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What causes bell's palsy?

Viral infection: Bell's palsy is one reason people develop facial paralysis. True bell's palsy is felt to be caused by a viral infection of the facial nerve leading to swelling of the nerve and damage to it caused by decreased blood flow. Steroids are very helpful in treating this. Some people incorrectly term facial paralysis "bell's palsy." this is not correct, you must exclude other causes of facial paralysis. ...Read more

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Can bells palsy be cured?

Can bells palsy be cured?

Usually improved: Bell's palsy is presumptively damage to the seventh facial nerve which affects the motion of the forehead, eyelids, cheek and mouth. Depending upon the damage to the nerve, improvement generally occurs. A few will have some dysfunction and less commonly little function. There is no true "cure" and there is doubt about the effect of medication. Time will tell in each case. ...Read more

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What causes bell's palsy?

What causes bell's palsy?

Probably a virus: Bell's palsy is weakness of the facial muscles. It is considered by many to be caused by a viral infection of the facial nerve - although that is not certain. It is important to rule out other causes of facial paralysis such a tumor growth or a stroke before arriving at the diagnosis of bell's palsy. Anyone with facial weakness or paralysis should have a complete medical evaluation by a specialist. ...Read more

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Can bells palsy reaccure?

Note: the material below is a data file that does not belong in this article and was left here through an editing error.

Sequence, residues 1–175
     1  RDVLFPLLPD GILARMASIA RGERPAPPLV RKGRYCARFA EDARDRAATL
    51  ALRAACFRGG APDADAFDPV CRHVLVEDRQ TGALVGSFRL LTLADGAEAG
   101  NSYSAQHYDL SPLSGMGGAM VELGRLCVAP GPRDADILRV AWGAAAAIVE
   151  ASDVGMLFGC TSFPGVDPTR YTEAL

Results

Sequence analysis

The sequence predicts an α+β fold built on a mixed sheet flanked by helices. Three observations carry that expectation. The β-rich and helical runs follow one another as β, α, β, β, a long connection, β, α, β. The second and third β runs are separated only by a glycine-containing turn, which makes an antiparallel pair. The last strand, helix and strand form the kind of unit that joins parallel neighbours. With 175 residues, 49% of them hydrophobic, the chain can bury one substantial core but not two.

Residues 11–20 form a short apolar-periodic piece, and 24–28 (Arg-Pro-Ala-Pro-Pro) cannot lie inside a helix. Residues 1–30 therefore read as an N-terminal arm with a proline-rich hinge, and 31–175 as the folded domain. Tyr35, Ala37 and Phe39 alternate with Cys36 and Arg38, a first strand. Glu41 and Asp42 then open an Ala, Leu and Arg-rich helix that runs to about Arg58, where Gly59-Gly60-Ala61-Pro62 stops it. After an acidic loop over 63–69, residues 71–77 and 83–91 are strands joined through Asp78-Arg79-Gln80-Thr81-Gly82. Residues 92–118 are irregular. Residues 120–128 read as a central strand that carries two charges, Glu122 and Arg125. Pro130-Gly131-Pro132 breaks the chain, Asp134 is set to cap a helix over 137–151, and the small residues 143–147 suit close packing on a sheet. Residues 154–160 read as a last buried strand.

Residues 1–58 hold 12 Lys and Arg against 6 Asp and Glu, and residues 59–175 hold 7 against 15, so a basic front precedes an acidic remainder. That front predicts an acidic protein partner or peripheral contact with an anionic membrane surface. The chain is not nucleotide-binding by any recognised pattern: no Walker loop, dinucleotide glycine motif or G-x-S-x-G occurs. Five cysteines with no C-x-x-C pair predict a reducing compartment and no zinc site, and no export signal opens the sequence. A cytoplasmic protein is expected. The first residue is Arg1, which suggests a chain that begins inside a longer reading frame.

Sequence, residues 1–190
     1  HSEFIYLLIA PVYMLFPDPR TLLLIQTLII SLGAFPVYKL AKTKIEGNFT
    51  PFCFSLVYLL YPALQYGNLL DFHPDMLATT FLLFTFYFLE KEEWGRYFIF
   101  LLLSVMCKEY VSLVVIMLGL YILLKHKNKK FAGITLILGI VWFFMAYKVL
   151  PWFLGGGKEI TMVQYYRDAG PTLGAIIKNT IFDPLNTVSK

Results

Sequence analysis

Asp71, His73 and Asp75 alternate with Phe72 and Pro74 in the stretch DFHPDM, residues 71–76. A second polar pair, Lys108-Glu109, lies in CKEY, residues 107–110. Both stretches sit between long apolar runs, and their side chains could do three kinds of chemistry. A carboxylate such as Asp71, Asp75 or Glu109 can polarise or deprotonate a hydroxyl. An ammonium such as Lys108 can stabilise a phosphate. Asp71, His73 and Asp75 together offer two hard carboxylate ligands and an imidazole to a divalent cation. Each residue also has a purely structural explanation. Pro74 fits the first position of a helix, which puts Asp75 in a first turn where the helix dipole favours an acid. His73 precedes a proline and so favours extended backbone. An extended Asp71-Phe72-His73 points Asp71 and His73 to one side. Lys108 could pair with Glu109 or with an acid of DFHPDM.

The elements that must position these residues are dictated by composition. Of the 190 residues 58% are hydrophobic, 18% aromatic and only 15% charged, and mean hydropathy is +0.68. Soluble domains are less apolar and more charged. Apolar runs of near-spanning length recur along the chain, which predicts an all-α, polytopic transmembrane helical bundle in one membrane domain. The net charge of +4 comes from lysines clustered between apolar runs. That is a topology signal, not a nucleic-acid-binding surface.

Yes, but...: Bell's palsy is known as idiopathic facial paralysis. By definition, that means we don't know what caused it. All other causes of facial paralysis should be investigated first. Brain tumors, strokes, and a syndrome called melkersson- rosenthal syndrome should be evaluated for. ...Read more

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Can bell's palsy reoccur?

Yes but rare: Bell's palsy can recur but this is rare. Recurrent facial paralysis or weakness may be more commonly related to a tumor growth, infection or a nerve disorder. This should be carefully evaluated by a neurologist of ENT specialist. ...Read more

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How common is bell's palsy?

Not very: Bells palsy is not as uncommon as is generally believed. Worldwide statistics set the frequency at just over. 02% of the population (with geographical variations). In human terms this is 1 of every 5000 people over the course of a lifetime and 40, 000 americans every year. (courtesy of the bells palsy web site). ...Read more

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How can I treat bell's palsy?

Couple of ways: Treatments for bell's palsy include ensuring protection for your eyes [make sure that they are kept moist and protected]. Sometimes physicians will prescribe steroids [to reduce possible swelling] or antivirals [if it is suspected that the bell's palsy was triggered by a virus]. If you suspect that you have bell's palsy, see your doctor to determine the right course of treatment. ...Read more